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BLYTH WIND WINS: fact-finding outing


<<Climate Action Newcastle members' trip to Catapult - a cutting edge wind turbine testing facility - underlined the revolution underway in green power generation. CAN member John Adams, who organised the trip, reports the exciting possibilities for the future.>>


Catapult is currently the world’s leading wind turbine testing centre, in large part because of the windy nature of Britain’s coastline. This former British Gas plant has come a long way - and it kindly opened its doors to Climate Action Newcastle, with members of the Quakers’ Climate Action Group, to find out more.


Marketing Manager Tom Chaplin explained that their forte is their testing facilities for the blades and nacelles (generators) at the top of the turbine towers. The tests are done in cathedral-like hangars, and Catapult’s certification of the safety and reliability of the equipment is a valued guarantee: it recently allowed a partner to raise US$5bn thanks to its approval of its design.



The blades being tested are now 107 meters long – so long in fact that the current testing facility is having to be extended. The blades are flexed horizontally and vertically. Catapult had in fact broken one – better to find that out in Blyth rather than on the Dogger Bank (where they have an array of 277 towers).


The generator housing (called nacelles) are also tested in an adjacent cavernous hangar – this time for GE in France. They weigh 750 tonnes and now generate 13.6 MW each – enough to power a small town’s domestic needs. Its hoped the next generation of turbines may produce 20 MW.


The expected life of the equipment is 25 years – salt corrosion and damage to the blades from rain are major contributors to ageing. Other issues yet to be addressed are recycling of the blades (which are carbon fibre on unlikely wooden frames) and disruption to marine life from installation of the towers on the seabed and the cables carrying power to the shore.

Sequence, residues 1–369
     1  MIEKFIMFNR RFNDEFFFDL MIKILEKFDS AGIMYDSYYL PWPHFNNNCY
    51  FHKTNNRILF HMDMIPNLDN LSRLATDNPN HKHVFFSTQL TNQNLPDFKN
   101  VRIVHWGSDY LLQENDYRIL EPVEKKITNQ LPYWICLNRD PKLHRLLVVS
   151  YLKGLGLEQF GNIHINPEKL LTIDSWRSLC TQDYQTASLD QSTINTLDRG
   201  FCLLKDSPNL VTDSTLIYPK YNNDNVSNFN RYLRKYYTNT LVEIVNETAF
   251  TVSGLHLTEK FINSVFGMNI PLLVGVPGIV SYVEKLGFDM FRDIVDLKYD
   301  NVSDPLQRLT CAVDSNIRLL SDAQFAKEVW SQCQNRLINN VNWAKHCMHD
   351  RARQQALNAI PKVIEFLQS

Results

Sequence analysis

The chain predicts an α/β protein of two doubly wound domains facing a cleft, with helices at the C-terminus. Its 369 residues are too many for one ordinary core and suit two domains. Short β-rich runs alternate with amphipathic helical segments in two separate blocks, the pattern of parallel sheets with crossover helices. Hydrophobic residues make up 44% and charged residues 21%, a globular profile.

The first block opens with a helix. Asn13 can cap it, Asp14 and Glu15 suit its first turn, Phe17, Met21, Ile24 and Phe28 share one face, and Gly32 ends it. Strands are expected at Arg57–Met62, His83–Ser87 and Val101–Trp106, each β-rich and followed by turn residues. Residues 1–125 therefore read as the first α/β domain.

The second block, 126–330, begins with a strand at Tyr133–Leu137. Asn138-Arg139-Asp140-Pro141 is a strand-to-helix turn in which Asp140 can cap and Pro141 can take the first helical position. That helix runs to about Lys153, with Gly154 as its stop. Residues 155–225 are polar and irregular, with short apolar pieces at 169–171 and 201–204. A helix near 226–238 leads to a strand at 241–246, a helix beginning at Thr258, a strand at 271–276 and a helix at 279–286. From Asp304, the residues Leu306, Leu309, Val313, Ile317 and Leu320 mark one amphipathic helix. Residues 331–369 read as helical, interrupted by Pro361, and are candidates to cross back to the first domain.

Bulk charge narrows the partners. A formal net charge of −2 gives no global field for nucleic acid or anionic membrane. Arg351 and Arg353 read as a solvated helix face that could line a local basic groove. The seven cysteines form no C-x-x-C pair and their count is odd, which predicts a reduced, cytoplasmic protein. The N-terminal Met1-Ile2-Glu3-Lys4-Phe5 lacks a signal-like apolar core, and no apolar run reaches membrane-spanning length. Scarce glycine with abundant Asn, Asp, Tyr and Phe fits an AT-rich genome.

Wind power has helped bring down the price of renewable energy worldwide by its innovation and use on large scale projects. But we need more to achieve the UK's net zero targets, and the last round of bidding this year saw no bids for offshore sites – the government had set an unrealistic price for new offshore sites, disregarding very thin margins and increased competition, both local and international.


The next stage of development will be the extension of AI to wind turbines, with duplicate running of a turbine by both human and AI operation – the AI learning and then making efficiency suggestions. Robotic inspection, manipulation and repair are also being investigated, plus ‘tethering’ the towers to the seabed in deeper water, rather than attaching them. Each blade is at present a one-off manufacture, and mass production still has to be introduced.

This was a unique opportunity to see cutting edge technology at work. Having this expertise in our area broadens the chances of the workforce developing the skills that will be in demand in the future and hopefully attracts complementary companies - such as British Volt. Catapult is committed to the benefits of green technology in meeting a 2050 net zero carbon scenario, when wind power will provide one sixth of electricity – about the same amount as a much reduced coal, oil, and natural gas. Onwards!


***If you'd like to suggest a Climate Action Newcastle field visit or outing, we'd love to hear from you. Email us: climatenewcastle@gmail.com, or mention it at our Monthly Meeting.

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